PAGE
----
ICON+ rear bike light
If you put the ICON+ in “Theft Mode,” the app will alert you as soon as your bike is moved while you are away. (Image by Skip Owens)

With the setup out of the way, now it’s time for normal use. With a 15-hour battery life, you can simply leave the ICON+ attached to your seat post or seat bag. Before you start your ride you will need to connect to the ICON+ via the smartphone app in order to “turn it on,” but once the ICON+ is on you can either activate the light through the app or by pressing and holding the physical button on the face of the light. Choose a steady red light or a blinking pattern and you are ready to ride. The smartphone app combined with the light does the rest for you during your ride.

Verdict

I am very fortunate in that I have a long stretch of very scenic and relatively traffic-free riding near my home, but it does take about 2 miles of riding in traffic to reach my normal cycling route “safe haven.” There is one intersection in particular that I don’t like driving through in a car, much less on a bike. That is where the reactive sensors in the ICON+ really shine (yeah, I meant to do that).

The ICON+ knows I am approaching an intersection and automatically starts blinking faster and brighter, which immediately helps draw more attention to me and my bike at this intersection. If you are a cyclist, you know that just being seen by cars is most of the battle. Knowing that this little light has my back is great peace of mind. And did I mention how bright it was? I wrote most of this review while riding on my indoor cycling desk, and just for fun, I decided to turn on my ICON+. I was in the living room and my family was in front of me facing away from me watching TV. I turned on the ICON+ and it was like I had just let loose a road flare in the house. I told my family it was appropriate because, after all, I was on a bike and it was important to be seen. They didn’t think it was very funny because all they were seeing was spots.

This is one extremely bright light. 250 lumens is a serious amount of photons for such a small, lightweight light to be pumping out. That being said, when you are out on the road it is not nearly so obnoxious (visible but not eye-searing and annoying). I mean, you want cars to see you but you certainly don’t want them to be angry with you, right? 250 lumens is just right for daylight or dusk/dawn riding to make sure you are seen, and then for full night riding conditions, you can adjust the brightness down to keep it from being too overly bright for other road users.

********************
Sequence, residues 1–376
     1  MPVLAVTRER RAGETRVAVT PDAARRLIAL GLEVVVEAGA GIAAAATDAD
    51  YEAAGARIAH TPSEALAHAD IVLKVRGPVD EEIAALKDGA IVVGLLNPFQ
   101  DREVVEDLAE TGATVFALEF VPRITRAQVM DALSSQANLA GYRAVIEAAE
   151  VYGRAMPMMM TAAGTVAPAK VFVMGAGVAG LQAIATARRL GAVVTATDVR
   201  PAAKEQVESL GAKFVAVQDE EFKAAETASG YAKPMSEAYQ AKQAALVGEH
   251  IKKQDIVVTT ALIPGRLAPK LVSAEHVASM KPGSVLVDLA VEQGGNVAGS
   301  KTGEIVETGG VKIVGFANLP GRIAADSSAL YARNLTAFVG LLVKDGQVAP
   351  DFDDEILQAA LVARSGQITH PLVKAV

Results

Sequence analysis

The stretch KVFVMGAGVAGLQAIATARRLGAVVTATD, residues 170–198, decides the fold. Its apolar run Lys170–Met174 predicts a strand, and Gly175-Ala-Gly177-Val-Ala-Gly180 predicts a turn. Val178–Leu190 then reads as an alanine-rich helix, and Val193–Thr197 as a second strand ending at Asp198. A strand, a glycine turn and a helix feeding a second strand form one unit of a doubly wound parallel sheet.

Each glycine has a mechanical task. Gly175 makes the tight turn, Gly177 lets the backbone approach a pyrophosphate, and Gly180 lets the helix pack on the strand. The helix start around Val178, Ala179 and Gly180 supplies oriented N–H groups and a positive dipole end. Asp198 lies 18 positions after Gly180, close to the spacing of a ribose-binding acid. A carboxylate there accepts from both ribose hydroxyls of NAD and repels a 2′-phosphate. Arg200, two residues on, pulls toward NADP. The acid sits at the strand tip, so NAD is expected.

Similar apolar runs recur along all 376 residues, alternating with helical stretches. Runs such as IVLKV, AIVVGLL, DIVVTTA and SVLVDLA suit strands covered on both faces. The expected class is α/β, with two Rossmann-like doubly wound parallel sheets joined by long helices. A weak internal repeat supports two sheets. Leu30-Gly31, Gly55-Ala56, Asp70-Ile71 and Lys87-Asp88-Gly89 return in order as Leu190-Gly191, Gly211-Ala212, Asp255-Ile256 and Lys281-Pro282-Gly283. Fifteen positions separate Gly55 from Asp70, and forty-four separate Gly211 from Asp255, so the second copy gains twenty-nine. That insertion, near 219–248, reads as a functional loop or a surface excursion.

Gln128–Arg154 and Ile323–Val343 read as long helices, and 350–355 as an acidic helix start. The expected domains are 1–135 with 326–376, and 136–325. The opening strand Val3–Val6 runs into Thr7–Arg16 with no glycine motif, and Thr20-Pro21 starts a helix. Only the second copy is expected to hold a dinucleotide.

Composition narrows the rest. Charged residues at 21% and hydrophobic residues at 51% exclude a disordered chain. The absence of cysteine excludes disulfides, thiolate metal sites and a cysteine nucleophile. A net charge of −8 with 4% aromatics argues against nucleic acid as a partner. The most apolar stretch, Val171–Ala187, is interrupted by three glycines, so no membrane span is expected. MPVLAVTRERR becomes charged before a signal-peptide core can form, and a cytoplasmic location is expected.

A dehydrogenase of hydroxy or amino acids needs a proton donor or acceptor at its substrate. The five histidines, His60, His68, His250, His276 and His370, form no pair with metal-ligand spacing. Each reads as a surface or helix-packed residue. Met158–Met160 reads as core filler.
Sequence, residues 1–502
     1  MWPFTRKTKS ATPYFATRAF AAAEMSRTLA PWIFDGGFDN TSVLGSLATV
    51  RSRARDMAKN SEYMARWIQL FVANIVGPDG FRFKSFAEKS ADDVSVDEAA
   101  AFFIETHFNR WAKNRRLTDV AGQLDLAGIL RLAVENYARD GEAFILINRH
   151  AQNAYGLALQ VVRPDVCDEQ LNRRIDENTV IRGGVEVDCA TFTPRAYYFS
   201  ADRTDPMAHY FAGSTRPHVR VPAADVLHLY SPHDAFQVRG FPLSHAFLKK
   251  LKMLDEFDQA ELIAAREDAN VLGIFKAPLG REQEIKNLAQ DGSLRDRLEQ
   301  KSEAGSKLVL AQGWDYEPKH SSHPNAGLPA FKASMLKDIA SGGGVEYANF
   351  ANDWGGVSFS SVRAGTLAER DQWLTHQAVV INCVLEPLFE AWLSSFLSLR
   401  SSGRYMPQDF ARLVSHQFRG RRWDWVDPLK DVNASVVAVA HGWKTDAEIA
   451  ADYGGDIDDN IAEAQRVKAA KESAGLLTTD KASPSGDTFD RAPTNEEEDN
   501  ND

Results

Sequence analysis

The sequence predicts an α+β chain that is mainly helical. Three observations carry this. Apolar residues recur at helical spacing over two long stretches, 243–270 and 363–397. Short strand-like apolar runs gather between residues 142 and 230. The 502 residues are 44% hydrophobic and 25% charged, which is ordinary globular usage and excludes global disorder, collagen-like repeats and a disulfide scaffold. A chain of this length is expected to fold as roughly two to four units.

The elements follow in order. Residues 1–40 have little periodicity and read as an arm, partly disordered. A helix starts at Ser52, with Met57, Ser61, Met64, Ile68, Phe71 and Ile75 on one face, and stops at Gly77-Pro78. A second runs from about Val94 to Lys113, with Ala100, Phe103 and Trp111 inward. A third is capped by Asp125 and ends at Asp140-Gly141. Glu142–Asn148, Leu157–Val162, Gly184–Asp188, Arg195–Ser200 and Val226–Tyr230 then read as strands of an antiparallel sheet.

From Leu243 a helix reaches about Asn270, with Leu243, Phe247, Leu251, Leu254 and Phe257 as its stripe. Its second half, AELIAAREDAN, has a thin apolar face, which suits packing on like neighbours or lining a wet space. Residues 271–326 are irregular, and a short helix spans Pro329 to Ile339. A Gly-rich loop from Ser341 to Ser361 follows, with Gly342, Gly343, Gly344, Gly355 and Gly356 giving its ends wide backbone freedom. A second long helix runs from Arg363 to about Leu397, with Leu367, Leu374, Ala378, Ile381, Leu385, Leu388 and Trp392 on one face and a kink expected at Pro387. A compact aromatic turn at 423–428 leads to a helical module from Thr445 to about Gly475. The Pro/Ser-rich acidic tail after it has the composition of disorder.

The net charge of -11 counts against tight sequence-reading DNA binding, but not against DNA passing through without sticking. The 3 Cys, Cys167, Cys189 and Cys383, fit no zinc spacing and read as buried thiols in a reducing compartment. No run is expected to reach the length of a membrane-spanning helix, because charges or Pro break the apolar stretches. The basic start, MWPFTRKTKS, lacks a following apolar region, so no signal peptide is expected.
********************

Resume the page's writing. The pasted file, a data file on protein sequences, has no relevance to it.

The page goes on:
The construction of the ICON+ is solid. I particularly like how See.Sense has combined the seat post adapter that attaches to the back of the light with the water-proofing plug element that keeps the recharging port safe from rain and moisture. I live in Florida, so we get a lot of rain and moisture, but so does Northern Ireland, which is where the folks at See.Sense are based out of. It shows. I have no worries about water getting into this light.

I’ve ridden with a handful of various rear bike lights over the years, but so far the ICON+ has been my favorite. It’s small, extremely bright, and it has a nice long battery life. It even doubles as a bike theft detection unit in a pinch. You really can’t go wrong with this light. You can purchase an ICON+ rear bike light from Amazon and directly from See.Sense.

The Future Is Even Brighter

But wait, there’s more. See.Sense is already prepping to release its next-generation bike light, the ACE. The ACE is already the most backed bike light in Kickstarter history. ACE is the 4th generation of bike light from See.Sense and is available now for pre-order. Once the new ACE bike light is available, we hope to bring you a full review of it right here on GeekDad.

Disclaimer: See.Sense supplied me with an ICON+ rear bike light to abuse in the Florida weather for the purposes of this review.

ICON+ rear bike light
A daylight shot doesn’t do this light justice, but a night shot would be all light! (Image by Skip Owens)